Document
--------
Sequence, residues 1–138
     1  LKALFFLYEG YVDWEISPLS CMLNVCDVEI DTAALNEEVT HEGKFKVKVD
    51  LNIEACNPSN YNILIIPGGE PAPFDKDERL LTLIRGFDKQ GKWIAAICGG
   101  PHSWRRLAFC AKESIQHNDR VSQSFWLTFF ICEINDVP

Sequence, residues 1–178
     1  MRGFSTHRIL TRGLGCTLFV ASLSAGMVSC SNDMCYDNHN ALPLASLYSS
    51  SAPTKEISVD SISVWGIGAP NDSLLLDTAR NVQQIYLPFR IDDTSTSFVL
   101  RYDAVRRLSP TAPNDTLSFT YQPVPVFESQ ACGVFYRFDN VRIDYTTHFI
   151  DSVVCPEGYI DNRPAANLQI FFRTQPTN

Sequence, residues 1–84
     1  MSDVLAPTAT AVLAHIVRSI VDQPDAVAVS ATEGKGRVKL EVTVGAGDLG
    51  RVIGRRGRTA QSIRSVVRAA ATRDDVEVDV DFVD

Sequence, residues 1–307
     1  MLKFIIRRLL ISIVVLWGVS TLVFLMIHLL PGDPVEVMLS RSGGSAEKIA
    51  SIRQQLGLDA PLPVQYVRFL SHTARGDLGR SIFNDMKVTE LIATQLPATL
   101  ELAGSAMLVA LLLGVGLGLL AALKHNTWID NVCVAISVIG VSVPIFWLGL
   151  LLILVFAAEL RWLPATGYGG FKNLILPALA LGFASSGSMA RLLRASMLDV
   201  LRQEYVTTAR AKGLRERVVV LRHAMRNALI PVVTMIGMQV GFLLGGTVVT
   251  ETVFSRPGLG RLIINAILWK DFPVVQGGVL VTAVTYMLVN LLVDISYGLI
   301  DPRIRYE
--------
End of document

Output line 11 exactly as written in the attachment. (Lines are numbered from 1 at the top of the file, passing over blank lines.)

     1  MSDVLAPTAT AVLAHIVRSI VDQPDAVAVS ATEGKGRVKL EVTVGAGDLG